Lemtrada Approved by FDA
At 9pm on November 14th we got the news that many people have been waiting for, Alemtuzumab (Lemtrada) was approved by the FDA! This means there are now 12 FDA approved treatments for relapsing-remitting multiple sclerosis. Lemtrada was denied approval by the FDA in December, 2013 due to insufficient proof that its risks outweighed its benefits. Genzyme, a Sanofi company, argued that the side effects that occurred during clinical trials were all non life-threatening, treatable conditions. However, the FDA also disapproved of the design of the clinical trials because the patients knew whether they were taking Lemtrada or Rebif. Again, Genzyme argued that it would be nearly impossible to do a double-blind study because Rebif is given as an injection three times a week and has very obvious side effects, whereas Lemtrada is given as a set of IV infusions that are given one year apart. Genzyme decided not to conduct more clinical trials, and filed an appeal instead. Meanwhile, a petition in support of Lemtrada’s approval was circulated and signed by over 9,000 people living with MS.
Originally Lemtrada was a drug called Campath, and was used to treat leukemia. Once researchers learned that it would be an effective treatment for MS it was pulled off the market as a cancer treatment. It was then rebranded as an MS drug, which is a much more lucrative pharmaceutical market. It is estimated that the cost of the two rounds of therapy will be $158,000. It is predicted that Lemtrada could be a “blockbuster” drug, and eventually bring in $1 billion annually for Sanofi. Currently, Lemtrada is approved in over 40 other countries, but the US would be the largest market by far.
Much like Tysabri which is produced by Biogen, Lemtrada is a monoclonal antibody. It targets CD52 which is a protein on T and B cells. The end result is the depletion of T and B cells, which in turn decreases the migration of inflammatory cells into the central nervous system. In the first clinical trial, CARE-MS I, Lemtrada and Rebif were compared. Lemtrada was 55% more effective at reducing annual relapse rate then Rebif was. Additionally, at the end of two years 78% of people taking Lemtrada and 59% of those taking Rebif were relapse free. In the second clinical trial, CARE-MS II, Lemtrada was shown to reduce disability progression 42% more effectively then Rebif.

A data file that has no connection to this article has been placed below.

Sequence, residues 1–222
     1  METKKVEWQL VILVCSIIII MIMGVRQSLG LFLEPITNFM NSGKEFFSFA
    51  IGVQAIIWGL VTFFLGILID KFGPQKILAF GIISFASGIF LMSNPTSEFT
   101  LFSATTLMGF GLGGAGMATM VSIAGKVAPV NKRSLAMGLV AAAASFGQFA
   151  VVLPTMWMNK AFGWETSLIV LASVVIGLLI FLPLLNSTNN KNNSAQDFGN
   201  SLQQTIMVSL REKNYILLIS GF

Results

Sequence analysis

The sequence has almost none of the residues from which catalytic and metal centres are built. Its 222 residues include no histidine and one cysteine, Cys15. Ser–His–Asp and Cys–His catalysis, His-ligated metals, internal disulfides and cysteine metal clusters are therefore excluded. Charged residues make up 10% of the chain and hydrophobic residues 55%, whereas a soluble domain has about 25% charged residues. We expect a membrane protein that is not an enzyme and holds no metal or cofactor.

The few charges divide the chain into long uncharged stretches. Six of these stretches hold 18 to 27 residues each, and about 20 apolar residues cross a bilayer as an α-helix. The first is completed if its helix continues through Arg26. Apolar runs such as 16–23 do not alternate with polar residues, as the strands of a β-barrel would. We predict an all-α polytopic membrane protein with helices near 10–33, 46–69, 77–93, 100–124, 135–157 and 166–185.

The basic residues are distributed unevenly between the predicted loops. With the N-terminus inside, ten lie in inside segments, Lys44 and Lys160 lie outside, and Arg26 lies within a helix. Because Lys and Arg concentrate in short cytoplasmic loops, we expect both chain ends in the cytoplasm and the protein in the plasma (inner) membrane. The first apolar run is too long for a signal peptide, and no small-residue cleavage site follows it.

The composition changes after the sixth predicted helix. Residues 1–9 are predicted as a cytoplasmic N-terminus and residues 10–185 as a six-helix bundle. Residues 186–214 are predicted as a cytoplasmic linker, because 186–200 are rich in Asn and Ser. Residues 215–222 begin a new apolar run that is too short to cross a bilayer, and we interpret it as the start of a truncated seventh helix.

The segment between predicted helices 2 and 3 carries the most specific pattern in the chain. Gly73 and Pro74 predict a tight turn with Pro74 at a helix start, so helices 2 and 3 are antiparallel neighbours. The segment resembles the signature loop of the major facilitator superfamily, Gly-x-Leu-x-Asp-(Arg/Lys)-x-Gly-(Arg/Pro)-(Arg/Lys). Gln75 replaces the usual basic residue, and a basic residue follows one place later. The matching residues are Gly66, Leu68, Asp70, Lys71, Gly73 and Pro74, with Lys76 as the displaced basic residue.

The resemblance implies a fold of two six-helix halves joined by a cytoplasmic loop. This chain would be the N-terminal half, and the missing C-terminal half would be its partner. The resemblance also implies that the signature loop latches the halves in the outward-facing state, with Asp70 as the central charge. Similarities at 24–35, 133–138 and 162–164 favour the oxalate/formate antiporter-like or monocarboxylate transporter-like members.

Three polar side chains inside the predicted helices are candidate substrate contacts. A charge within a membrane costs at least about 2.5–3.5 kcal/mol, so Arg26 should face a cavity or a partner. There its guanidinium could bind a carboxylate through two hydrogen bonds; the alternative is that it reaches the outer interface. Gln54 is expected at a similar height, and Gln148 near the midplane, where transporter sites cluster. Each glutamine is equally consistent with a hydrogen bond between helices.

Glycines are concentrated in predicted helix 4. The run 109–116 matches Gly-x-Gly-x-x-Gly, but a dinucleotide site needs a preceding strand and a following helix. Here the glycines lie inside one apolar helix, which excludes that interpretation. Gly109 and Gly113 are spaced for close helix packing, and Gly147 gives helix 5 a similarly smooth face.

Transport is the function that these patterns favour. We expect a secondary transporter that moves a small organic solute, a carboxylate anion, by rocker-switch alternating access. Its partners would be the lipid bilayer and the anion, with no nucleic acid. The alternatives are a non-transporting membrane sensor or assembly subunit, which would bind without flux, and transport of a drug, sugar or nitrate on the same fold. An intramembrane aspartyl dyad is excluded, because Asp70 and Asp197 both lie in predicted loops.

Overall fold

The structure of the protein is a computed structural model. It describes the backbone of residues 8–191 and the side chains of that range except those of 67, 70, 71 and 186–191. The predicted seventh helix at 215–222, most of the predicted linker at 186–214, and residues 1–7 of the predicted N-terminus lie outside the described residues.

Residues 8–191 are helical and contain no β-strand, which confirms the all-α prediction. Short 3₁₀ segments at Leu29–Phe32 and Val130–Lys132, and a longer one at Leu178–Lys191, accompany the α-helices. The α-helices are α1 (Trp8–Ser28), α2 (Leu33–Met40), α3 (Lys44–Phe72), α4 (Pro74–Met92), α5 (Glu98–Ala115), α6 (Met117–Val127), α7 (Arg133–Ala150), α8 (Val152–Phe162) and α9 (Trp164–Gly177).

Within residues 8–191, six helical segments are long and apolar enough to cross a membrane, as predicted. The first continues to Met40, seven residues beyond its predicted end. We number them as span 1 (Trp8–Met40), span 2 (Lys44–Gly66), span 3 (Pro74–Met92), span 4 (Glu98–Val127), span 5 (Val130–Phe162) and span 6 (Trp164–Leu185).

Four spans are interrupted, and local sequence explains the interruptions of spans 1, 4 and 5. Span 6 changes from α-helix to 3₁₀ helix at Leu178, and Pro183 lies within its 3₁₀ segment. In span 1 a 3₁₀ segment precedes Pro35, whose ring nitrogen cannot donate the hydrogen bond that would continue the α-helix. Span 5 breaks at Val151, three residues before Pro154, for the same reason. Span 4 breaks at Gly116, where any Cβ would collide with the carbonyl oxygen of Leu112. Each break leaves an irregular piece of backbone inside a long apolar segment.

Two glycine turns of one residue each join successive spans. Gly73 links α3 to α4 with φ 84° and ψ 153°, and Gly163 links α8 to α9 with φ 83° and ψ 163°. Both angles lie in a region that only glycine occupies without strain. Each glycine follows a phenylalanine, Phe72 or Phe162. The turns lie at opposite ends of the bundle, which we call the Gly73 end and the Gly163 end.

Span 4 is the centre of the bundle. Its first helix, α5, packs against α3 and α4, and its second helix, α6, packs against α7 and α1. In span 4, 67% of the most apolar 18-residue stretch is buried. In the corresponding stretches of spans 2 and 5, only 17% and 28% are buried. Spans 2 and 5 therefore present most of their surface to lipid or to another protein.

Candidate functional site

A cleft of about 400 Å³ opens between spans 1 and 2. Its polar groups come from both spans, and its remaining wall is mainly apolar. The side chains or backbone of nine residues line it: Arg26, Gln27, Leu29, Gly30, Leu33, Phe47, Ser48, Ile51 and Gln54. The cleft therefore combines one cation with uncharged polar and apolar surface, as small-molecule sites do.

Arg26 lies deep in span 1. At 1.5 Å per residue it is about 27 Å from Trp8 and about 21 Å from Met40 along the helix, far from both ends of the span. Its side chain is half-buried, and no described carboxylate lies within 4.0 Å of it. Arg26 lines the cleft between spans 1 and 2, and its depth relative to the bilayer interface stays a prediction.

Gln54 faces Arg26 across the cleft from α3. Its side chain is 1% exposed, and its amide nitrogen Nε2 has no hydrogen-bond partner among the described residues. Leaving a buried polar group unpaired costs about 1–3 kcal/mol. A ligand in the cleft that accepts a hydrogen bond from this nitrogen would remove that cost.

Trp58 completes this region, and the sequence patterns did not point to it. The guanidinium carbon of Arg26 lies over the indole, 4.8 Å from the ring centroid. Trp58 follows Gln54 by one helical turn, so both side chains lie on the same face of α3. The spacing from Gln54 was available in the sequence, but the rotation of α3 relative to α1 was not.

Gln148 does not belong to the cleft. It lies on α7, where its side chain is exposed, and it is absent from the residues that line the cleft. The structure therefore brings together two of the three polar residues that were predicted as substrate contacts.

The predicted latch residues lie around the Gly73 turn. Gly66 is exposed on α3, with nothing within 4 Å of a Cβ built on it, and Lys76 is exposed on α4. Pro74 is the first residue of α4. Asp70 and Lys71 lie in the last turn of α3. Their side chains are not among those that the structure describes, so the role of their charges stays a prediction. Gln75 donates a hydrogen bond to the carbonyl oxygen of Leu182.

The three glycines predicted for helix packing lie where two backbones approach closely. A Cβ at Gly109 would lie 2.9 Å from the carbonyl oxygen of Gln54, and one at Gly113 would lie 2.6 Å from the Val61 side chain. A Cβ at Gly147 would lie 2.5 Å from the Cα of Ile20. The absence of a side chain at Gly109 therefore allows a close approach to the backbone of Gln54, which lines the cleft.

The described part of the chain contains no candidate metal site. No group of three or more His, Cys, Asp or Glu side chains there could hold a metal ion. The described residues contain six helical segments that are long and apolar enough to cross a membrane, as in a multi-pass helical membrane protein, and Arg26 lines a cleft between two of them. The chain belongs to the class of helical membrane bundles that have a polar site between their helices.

Lemtrada is an IV infusion that is given in two rounds. The first round is given once a day for five days, then the second round consisting of three consecutive infusions is given one year later. Studies show that these two infusions are all most patients will require, meaning they won’t have to take other drugs for at least three years from the time of the first infusion. The safety and efficacy of giving additional infusions has yet to be determined.
Much like other MS medications, Lemtrada has an extensive list of side effects. These include, hypotension, infections, cardiac effects, autoimmune conditions, and infusion reactions. The incidence of side effects makes it the most risky drug on the market right now, so it will be reserved for patients who have failed other therapies. Much like Tysabri, only specialized physicians who are registered with a special program will be able to prescribe Lemtrada, and close monitoring will be required.
Although the side effects certainly warrant extreme caution, many people living with MS strongly feel that it deserves to be a treatment choice. They argue that the decision should be made by doctors and by those who would be taking the drug, not by the FDA. There are many people with RRMS who have already failed most therapies, and who cannot take Tysabri. For them Lemtrada is the option that they have been long awaiting. What do you think?
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